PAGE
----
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The Brain Development of a Two-Month-Old Baby

author image Lisa Porter
Lisa Porter began writing professionally in 2009. She writes for various websites and has a Bachelor of Arts in English literature.
The Brain Development of a Two-Month-Old Baby
A baby's development progresses rapidly in the first months of his life. Photo Credit baby image by Dron from Fotolia.com

The mental and physical development of a child progresses rapidly in the first few months of life. Though different children develop at slightly different rates, most children will reach certain developmental milestones during their second month. Parents should watch their child’s development closely and look for signs of healthy development. If you have concerns that your child’s development might be behind in certain areas, consult your child’s physician.


From birth to one month, a baby’s vision remains relatively limited to making basic distinctions between shapes and objects. By two months, a baby can perceive different colors and make more fine distinctions, according to the Child Development Institute. At two-months-old, a baby might show an interest in toys or stuffed animals with more complicated designs involving multiple colors. At this age, most babies can control their eye muscles and direct their gaze in a particular direction. You might notice your baby looking his surroundings with curiosity, often focusing his vision on particular objects. At this age, most babies can only focus on objects about a foot away.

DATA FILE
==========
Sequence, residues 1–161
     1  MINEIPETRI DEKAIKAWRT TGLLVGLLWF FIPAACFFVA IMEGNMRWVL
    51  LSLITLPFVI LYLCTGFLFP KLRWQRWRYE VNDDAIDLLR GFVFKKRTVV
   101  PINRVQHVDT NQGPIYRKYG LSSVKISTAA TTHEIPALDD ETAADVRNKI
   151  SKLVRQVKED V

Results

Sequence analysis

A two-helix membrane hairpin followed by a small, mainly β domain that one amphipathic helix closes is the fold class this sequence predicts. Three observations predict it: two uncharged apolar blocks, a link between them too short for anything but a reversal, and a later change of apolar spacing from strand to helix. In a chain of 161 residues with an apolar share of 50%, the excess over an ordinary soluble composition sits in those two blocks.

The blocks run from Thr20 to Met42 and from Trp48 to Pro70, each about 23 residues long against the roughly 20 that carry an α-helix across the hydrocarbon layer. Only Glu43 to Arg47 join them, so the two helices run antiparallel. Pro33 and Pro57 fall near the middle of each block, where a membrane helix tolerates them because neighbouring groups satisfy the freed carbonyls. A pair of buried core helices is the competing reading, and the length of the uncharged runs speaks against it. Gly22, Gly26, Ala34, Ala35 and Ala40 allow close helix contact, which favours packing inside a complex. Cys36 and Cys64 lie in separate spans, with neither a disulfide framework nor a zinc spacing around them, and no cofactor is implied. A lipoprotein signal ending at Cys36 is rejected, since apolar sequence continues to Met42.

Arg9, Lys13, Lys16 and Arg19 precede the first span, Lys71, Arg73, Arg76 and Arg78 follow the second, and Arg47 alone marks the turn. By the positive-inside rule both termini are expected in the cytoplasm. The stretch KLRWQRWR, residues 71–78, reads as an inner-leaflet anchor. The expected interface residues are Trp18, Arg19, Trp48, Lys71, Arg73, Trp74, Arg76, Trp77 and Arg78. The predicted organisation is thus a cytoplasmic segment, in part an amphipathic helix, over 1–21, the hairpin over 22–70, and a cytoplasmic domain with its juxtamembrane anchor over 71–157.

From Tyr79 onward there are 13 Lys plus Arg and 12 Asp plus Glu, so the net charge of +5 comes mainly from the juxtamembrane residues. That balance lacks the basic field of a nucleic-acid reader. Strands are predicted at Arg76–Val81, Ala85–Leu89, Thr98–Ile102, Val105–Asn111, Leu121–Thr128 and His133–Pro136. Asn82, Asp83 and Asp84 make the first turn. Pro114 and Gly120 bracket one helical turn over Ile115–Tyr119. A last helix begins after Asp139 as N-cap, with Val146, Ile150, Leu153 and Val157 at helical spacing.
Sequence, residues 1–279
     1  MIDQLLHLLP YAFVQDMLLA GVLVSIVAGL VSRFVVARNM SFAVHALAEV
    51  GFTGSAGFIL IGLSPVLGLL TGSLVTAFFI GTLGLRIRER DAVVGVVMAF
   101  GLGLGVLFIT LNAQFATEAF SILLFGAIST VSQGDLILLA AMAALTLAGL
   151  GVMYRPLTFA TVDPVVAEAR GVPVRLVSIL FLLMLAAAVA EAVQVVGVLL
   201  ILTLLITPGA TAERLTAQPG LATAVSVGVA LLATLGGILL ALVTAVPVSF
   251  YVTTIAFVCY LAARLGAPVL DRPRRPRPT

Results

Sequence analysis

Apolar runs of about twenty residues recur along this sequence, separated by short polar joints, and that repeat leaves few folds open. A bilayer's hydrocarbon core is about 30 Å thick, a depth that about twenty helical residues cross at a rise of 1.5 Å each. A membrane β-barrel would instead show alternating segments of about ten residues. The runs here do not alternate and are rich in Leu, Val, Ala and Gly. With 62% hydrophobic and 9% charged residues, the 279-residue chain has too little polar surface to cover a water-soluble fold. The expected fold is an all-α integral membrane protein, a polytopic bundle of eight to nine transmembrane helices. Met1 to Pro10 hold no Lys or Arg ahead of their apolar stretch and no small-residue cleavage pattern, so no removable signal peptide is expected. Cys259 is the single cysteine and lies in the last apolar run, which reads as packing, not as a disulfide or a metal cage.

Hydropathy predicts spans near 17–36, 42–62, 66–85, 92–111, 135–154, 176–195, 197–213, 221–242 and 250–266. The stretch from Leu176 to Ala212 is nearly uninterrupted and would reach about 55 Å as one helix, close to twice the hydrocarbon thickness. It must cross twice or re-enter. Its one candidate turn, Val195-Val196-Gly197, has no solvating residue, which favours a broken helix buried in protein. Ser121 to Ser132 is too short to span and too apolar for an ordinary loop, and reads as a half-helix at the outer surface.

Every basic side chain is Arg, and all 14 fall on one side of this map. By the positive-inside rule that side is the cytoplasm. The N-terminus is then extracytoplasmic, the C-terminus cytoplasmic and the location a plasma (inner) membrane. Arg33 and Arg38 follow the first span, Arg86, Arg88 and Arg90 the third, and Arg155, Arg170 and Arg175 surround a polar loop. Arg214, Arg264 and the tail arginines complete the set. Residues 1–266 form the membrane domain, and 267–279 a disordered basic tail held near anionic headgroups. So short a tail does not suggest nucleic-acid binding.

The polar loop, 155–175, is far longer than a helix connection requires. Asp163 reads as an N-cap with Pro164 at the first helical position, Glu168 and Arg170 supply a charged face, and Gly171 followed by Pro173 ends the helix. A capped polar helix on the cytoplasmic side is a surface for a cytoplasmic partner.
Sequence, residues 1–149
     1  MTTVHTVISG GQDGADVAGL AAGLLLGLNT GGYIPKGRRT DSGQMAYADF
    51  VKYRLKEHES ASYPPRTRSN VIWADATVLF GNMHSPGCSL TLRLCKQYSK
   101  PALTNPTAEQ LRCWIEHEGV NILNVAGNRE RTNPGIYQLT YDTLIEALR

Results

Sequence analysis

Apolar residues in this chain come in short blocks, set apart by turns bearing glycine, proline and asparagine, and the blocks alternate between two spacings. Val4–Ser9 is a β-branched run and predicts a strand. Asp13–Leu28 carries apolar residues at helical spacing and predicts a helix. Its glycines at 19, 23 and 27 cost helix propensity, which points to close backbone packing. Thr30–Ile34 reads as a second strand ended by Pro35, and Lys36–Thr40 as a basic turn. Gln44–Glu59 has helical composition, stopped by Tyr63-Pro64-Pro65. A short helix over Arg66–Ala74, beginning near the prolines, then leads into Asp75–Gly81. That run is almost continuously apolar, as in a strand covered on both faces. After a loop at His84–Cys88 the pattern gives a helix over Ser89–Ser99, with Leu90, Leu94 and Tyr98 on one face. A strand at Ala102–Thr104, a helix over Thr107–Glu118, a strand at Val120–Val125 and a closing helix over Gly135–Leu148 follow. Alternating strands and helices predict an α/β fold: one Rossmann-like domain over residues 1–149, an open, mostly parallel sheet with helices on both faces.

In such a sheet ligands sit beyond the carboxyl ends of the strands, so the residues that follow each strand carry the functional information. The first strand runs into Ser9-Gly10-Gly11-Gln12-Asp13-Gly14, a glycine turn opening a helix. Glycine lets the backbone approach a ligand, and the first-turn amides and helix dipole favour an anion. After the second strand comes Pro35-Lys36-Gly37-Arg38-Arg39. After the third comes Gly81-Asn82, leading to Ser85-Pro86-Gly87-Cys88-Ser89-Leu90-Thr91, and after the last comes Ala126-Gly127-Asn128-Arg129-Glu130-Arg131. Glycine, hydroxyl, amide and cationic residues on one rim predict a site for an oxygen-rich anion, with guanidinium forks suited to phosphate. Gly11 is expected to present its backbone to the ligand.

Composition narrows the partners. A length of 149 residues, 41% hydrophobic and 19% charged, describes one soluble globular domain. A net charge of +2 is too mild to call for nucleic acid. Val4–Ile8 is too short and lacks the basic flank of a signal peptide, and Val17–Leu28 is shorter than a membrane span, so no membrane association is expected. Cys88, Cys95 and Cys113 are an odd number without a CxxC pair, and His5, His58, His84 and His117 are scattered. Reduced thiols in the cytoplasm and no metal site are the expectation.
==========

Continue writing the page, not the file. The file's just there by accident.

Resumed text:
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Verbal and Aural

From two- to three-months-old, most babies test out their vocal chords, making a variety of sounds. You might notice your baby crying, grunting or cooing more often at this age. Two-month-old babies might also begin to relate sounds to their sources, according to the Child Development Institute. Parents might see your baby looking for the source of a particular noise, or watching their mouths as they talk. Many babies can recognize their parents’ voices at this age.

Motor Control

Most babies’ movements become slightly more coordinated by two months. Many babies begin to be able to lift their own heads while lying on their stomachs or sitting with support. Two-month-old babies often become interested in their own hands, and might frequently suck on their fingers.

Social and Emotional

From birth to one-month-old, most babies remain almost entirely asocial. Between two- and three-months-old, babies typically begin to smile at people’s faces. At this age, babies will often focus on a person’s face for prolonged periods. Two-month-old babies often experience tension and distress, but they can also experience delight.


Two-month old babies remain almost entirely dependent on their caretakers. Two-month-old babies often require five or more feedings and 14 or more hours of sleep each day. Parents might notice their child beginning to sleep in longer intervals, according to Babycenter.com. A baby might also begin to produce more saliva than she can swallow, leading to drooling.

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